1.4.3 Infection Control Measures

Isolation and infection control precautions are determined on the basis of known or suspected transmission of pathogens. It is important to consider the unknown when choosing what PPE to use for infection control purposes.

If you feel you are in possession of information that may change the status of an individual with regards to infection transmission, it is your duty to advise your supervisor so a process may begin to determine the needed infection control practices to apply to the situation. Your mandate in the medical community is to do no harm, which includes presenting information that may have a bearing on the infection control practices.

As you may recall from the previous chapter, Routine or Standard Precautions refers to the basic infection control measures recommended in all health care facilities to reduce the potential of pathogen transmission that causes infections. After an assessment of the client’s medical status is completed, the correct precautions to prevent infection transmission will be decided, and the client may or may not be placed on additional precautions (Public Health Ontario, 2012a). Please review Chapter 2 of Infection Control for this information if needed.

The operating room is one place where PPE is critically important.

Additional Precautions (AP) refers to precautions (i.e., Contact Precautions, Droplet Precautions and Airborne Precautions) that are necessary in addition to Routine Practices for certain pathogens or clinical presentations. These precautions are determined based on the method of transmission (e.g., contact, droplet, airborne) (Public Health Ontario, 2012a).

Additional Precautions can include the use of additional PPE (e.g., shoe covers), and control of the environment that are put in place to limit encounters with the client/patient/resident or their immediate environment. In some instances, specialized engineering controls may be required (e.g., airborne infection isolation room for a patient with tuberculosis) or enhanced cleaning protocols for the client/patient/resident environment (e.g., Clostridium difficile (C. difficile), vancomycin-resistant enterococci (VRE)) (Public Health Ontario, 2012a). Additional precautions may also include the presence of screens, plexiglass barriers, or curtain barriers, as well as walls.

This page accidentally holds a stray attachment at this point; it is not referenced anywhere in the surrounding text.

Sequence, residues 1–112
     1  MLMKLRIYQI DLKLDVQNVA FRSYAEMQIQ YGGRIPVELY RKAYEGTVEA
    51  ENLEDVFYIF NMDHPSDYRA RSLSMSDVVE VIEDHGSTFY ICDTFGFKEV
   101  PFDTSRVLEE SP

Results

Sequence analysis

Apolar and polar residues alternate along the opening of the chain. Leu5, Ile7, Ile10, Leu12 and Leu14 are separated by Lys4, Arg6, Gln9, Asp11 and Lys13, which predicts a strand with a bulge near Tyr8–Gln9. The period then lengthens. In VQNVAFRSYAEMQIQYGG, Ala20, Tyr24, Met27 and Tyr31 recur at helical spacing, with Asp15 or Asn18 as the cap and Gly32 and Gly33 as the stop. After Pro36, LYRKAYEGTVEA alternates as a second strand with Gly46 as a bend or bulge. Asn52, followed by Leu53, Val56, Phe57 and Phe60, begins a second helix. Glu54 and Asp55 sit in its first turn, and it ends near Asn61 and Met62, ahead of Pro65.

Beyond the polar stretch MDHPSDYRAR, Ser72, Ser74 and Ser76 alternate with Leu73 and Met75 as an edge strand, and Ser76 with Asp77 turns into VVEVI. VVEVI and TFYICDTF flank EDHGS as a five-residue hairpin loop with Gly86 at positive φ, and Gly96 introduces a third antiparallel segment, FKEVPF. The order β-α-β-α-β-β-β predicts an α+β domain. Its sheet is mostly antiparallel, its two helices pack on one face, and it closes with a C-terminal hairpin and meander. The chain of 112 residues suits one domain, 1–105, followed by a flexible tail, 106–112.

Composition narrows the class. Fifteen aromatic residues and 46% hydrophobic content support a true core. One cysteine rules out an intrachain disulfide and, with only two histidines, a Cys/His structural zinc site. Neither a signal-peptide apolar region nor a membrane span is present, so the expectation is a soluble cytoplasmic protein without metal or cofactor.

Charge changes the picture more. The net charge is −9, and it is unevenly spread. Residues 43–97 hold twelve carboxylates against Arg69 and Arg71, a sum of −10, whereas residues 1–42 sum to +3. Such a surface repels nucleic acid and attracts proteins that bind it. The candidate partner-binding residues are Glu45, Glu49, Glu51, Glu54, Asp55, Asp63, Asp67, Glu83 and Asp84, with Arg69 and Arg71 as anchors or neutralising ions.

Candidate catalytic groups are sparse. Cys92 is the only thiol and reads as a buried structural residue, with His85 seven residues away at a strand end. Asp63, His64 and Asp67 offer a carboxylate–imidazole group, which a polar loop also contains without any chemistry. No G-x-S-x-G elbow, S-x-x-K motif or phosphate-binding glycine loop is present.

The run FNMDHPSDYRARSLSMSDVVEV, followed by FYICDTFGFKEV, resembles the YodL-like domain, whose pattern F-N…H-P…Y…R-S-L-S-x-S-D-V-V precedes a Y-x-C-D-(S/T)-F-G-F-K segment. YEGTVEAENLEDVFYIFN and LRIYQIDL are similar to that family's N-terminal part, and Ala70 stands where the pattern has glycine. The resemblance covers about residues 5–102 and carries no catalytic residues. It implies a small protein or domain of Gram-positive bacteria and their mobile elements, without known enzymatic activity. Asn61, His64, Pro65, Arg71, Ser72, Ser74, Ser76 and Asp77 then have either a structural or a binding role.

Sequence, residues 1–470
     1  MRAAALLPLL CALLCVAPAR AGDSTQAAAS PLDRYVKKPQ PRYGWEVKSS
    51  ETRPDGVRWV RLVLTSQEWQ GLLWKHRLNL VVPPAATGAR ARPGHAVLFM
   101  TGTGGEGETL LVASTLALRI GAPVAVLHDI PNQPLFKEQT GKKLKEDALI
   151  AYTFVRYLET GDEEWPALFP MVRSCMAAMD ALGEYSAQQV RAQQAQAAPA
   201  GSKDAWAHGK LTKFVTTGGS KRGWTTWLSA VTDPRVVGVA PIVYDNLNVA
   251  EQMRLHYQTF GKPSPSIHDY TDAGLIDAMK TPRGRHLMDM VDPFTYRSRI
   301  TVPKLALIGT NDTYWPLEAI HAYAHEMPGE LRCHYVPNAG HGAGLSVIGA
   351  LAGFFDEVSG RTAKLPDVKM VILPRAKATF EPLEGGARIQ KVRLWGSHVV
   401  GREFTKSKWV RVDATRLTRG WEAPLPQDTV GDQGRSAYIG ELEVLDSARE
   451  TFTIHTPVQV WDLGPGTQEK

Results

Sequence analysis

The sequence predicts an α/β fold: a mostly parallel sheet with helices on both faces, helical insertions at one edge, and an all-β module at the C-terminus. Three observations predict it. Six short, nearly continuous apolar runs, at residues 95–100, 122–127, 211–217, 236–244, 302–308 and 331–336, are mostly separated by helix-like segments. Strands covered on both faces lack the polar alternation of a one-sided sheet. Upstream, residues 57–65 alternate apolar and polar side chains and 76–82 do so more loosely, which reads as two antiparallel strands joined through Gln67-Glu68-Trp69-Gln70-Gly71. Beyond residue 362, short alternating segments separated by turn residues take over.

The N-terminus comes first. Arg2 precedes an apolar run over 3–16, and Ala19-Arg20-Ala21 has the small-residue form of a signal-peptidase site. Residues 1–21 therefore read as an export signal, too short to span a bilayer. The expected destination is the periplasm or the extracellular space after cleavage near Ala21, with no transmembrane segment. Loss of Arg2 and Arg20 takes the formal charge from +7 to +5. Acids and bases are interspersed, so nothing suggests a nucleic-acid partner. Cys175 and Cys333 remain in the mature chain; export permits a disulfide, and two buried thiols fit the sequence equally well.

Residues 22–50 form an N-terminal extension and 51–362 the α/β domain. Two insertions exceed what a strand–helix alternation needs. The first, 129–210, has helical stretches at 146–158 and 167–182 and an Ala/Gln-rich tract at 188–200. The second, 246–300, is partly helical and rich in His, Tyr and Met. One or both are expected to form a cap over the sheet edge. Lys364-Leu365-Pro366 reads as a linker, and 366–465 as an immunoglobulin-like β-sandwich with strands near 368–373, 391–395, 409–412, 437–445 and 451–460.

Additional Precautions can be subdivided into three categories based on the method of transmission:

  • Airborne Precautions: Used in addition to Routine Practices for clients/patients/residents known or suspected of having an illness transmitted by the airborne route (i.e., by small droplet nuclei that remain suspended in the air and may be inhaled by others) (Public Health Ontario, 2012a). Precautions include airborne infection isolation room, or fit-tested N95 respirator for suspected tuberculosis.
  • Contact Precautions: Used in addition to Routine Practices to reduce the risk of transmitting infectious agents via contact with an infectious person (Public Health Ontario, 2012a). Contact PPE includes gloves and gown if skin or clothing will come into direct contact with the client/patient/resident or his/her environment.
  • Droplet Precautions: Used in addition to Routine Practices for clients/patients/residents known or suspected of having an infection that can be transmitted by large infectious droplets (Public Health Ontario, 2012a). Droplet PPE includes facial protection (i.e., mask, eyewear).

Another level of precautions that have been implemented in some facilities include Enhanced Barrier Precautions. This designation will be dependent on your employer’s policies. These precautions have been instituted with the emergence of an MDRO, also called a “superbug,” in a facility. Enhanced Barrier Precautions apply to all residents with wounds and/or indwelling medical devices (e.g., central lines, urinary catheter, feeding tube, tracheostomy/ventilator). According to the CDC (2019), high‐contact resident care activities that require gown and glove use include:

  • Dressing
  • Bathing/showering
  • Transferring
  • Providing hygiene (am and pm care)
  • Changing linens
  • Changing briefs or assisting with toileting
  • Device care or use (e.g., central line, urinary catheter, feeding tube, tracheostomy/ventilator)
  • Wound care (i.e., any skin opening requiring a dressing)

Practice Makes Perfect


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